The ethics, or lack thereof, of eavesdropping

20 Mar

We’re all guilty of it at some point or another. We all eavesdrop on other conversations when we’re at the mall or the bus stop, even though we know it’s none of our business. But at what point does this become unethical? Andy Boyle takes eavesdropping to a whole new level. In my opinion, Boyle crossed some lines by publishing this.

As journalists, and as human beings, we have certain ethical standards we have to live by. Some may think making someone’s private business so public, as Boyle did, toes some ethical lines for humans, but everyone’s ethical codes are different. But as journalists, our ethical standards are spelled out for us by the Society of Professional Journalists. And one of those expectations is to minimize harm while doing our job. Not only was the news Boyle was reporting not of any news value, he was also not minimizing harm in reporting it. By invading this couple’s private moment and making it more public, he was adding more pain to an already painful situation for them.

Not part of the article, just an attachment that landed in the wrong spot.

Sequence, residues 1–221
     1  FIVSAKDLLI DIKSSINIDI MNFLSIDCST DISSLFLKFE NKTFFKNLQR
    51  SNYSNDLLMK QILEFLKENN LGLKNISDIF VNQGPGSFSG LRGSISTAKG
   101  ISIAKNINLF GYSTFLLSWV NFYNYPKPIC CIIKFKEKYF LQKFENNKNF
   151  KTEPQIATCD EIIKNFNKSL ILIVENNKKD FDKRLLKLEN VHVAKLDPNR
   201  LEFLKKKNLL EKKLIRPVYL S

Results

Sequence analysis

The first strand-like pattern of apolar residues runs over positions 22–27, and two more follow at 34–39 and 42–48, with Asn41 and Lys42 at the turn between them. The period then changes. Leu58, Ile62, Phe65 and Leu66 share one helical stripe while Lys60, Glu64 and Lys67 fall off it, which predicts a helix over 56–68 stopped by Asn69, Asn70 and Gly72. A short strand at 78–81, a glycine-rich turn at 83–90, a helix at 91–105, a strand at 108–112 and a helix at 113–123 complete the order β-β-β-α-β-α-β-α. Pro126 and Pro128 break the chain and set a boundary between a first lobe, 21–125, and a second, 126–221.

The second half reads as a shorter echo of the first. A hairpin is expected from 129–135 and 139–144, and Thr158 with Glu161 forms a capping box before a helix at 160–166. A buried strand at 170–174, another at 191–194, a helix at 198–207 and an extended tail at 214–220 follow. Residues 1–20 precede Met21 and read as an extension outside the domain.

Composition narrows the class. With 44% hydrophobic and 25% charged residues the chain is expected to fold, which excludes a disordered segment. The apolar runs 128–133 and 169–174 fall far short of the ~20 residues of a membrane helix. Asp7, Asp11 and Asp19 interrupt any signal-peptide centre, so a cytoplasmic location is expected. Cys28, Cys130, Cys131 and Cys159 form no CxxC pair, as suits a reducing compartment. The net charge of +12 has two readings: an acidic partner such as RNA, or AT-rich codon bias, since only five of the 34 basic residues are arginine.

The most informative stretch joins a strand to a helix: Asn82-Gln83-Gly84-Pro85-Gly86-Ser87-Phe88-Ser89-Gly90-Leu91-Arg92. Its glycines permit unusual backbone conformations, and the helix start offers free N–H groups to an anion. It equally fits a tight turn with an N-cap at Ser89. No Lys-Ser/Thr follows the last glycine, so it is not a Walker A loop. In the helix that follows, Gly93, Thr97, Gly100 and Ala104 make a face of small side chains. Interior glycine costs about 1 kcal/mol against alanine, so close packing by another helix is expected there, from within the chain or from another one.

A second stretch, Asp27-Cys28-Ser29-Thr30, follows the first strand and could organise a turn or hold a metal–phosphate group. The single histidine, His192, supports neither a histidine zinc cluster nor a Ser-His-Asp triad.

There is no doubt that Boyle’s tweets were entertaining. That was obviously his goal. I don’t think he intended for them to have news value. I’m sure that many people even retweeted the biggest hits of the bunch.

But for a journalist, Boyle’s actions were definitely unethical. And a human, his actions were immature, unprofessional and unsympathetic. It showed a lack of taste and empathy on his part. He didn’t put himself in the shoes of his subject. Would he want such an embarrassing moment in his life broadcast for so many people to laugh at? Is this journalism? Definitely not. Is it interesting? Of course. But should he have done it? I think probably not.

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